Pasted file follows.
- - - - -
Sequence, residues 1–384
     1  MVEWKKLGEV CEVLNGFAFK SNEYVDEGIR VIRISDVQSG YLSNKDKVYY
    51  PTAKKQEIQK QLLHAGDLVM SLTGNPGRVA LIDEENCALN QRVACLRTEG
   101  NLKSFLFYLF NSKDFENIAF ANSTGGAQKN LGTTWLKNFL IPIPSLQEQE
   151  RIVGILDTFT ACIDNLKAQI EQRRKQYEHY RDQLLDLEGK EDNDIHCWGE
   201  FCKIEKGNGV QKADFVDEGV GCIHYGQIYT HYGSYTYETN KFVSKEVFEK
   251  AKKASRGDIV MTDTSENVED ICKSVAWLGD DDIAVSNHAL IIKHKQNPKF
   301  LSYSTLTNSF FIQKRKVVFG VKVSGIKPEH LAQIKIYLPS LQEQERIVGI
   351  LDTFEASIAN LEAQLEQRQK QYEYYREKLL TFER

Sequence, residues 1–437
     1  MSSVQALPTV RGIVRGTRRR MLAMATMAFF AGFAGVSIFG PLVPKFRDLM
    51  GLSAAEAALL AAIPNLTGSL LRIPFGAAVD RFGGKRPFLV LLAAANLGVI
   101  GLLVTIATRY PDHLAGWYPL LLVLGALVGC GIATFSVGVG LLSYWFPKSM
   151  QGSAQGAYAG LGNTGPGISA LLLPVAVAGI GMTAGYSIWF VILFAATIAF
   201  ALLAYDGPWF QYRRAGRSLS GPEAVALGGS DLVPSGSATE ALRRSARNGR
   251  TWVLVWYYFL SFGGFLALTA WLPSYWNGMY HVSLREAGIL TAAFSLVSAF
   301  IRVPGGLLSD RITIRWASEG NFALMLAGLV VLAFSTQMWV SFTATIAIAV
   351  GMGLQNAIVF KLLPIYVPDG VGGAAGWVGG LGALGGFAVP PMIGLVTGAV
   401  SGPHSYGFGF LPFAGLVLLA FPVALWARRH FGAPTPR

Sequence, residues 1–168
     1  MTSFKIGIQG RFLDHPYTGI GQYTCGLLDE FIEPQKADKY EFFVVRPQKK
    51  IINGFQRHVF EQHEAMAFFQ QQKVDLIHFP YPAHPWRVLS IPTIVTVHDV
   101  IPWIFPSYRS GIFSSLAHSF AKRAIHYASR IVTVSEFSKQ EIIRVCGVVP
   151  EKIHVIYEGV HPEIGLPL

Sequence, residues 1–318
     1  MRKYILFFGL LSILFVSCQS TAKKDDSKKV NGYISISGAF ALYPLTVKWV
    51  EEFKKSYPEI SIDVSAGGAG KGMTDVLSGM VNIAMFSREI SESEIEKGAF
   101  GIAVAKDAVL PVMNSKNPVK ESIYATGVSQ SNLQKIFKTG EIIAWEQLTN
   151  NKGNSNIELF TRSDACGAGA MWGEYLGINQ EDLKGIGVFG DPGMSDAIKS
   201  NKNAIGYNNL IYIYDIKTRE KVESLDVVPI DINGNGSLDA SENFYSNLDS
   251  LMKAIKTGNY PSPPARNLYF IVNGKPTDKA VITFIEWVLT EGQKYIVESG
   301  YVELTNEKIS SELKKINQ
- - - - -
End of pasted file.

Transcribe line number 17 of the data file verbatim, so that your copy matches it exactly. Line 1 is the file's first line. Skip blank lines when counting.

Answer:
   301  IRVPGGLLSD RITIRWASEG NFALMLAGLV VLAFSTQMWV SFTATIAIAV